Journal Articles
Federal Sentencing Reporter (1994) 6 (4): 210.
Published: 01 January 1994
...Carlos Juenke Copyright 1994 Vera Institute of Justice, Inc. 210 Federal Sentencing Reporter: Vol. 6, No. 4, January / February 1994 SUPERVISED RELEASE USING INTERNAL INTERMEDIATE SANCTIONS TO AVOID REVOCATION OF SUPERVISED RELEASE FOR COCAINE USE Carlos Juenke* In April 1990 the Southern...
Journal Articles
Federal Sentencing Reporter (1994) 6 (4): 199–201.
Published: 01 January 1994
... describes the Commission's philosophy that the violation sentence is a sanction for the failure of probationers and supervised releasees to abide by conditions of supervision. Unlike past practice, the revocation sentence is not a sanction for the original offense; sentencing reform rendered this approach...
Journal Articles
Federal Sentencing Reporter (1994) 6 (4): 208–213.
Published: 01 January 1994
...Keith A. Koenning Copyright 1994 Vera Institute of Justice, Inc. 2Q8 Federal Sentencing Reporter: Vol. 6, No. 4, January / February 1994 SUPERVISED RELEASE SUPERVISED RELEASE VIOLATORS AND THE COMPREHENSIVE SANCTIONS CENTER IN THE NORTHERN DISTRICT OF OHIO Keith A. Koenning* During the past...
Journal Articles
Federal Sentencing Reporter (1994) 6 (4): 183–186.
Published: 01 January 1994
.... The Sentencing Reform Act of 1984 did not authorize revocation of supervised release. Congress believed that minor violations of S/R conditions should not result in a resentencing, and that violations constituting new crimes should be prosecuted. The only way a supervised releasee could be re...
Journal Articles
Federal Sentencing Reporter (2019) 32 (2): 76–85.
Published: 01 December 2019
... cases, judges rarely had the chance to take a second look at the prison sentences they (or their colleagues) imposed. Encounters between judges and the people they sentenced typically occurred only if a person violated the terms of supervised release after leaving prison. Now, judges can reassess...
Journal Articles
Federal Sentencing Reporter (2014) 27 (1): 28–29.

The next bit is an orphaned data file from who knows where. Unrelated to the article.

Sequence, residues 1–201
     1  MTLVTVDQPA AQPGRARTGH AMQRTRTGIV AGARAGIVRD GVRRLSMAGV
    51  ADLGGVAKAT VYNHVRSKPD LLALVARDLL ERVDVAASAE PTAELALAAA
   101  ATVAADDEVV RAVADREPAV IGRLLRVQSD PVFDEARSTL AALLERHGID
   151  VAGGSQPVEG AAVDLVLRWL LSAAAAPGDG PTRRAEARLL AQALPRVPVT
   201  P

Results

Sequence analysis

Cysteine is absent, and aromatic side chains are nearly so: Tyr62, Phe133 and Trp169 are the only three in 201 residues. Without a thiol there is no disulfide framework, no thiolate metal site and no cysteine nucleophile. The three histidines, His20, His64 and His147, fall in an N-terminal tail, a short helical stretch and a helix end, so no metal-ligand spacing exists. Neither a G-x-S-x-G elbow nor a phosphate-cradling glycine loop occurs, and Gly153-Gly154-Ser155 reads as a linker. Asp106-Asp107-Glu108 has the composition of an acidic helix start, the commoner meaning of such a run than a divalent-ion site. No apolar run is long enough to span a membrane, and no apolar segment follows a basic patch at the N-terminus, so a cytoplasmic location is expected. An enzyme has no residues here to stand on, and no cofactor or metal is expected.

Published: 01 October 2014
... for the use of incarceration, based solely on the risk and needs of offenders, as well as having a consistency of purpose between jail and supervision after they leave custody, and less likely to commit another crime. To maintain their unique environment for positive change, the Germans trained high...
Journal Articles
Federal Sentencing Reporter (2020) 32 (5): 257–258.
Published: 18 June 2020
... supervision much earlier than members of the general population of the same age. By their own admission, prisons are ill-equipped to manage the mammoth health care, social, and other costs associated with impri- soning the elderly. The costs of incarcerating aged offenders are quite unsustainable...
Journal Articles
Federal Sentencing Reporter (2020) 32 (5): 319–324.
Published: 18 June 2020
... they develop all kinds of crazy diseases, diabetic, high blood pressure. 10 Stanley Mitchell Age: 63 | Years in prison: 35 Was released from a Maryland state prison in 2013 FEDERAL SENTENC ING REPORTER VOL . 32 , NO . 5 JUNE 2020 319 Federal Sentencing Reporter, Vol. 32, No. 5, pp. 319 324, ISSN...
Journal Articles
Federal Sentencing Reporter (2020) 32 (5): 272–275.
Published: 18 June 2020
...Thomas J. Farrell Amendments to the compassionate release provisions of the federal First Step Act and Second Chance Acts provide some opportunity for release for elderly and infirm federal inmates. This article examines the reentry successes of three Pennsylvania state inmates, all convicted of...
Journal Articles
Federal Sentencing Reporter (2020) 32 (5): 294–318.
Published: 18 June 2020
... FY 2013. In this background section, we define the BOP s aging inmate population and discuss the demographics and trends of this population. In addi- tion, we outline the new compassionate release provisions related to aging inmates. Finally, we discuss the similar challenges faced by state...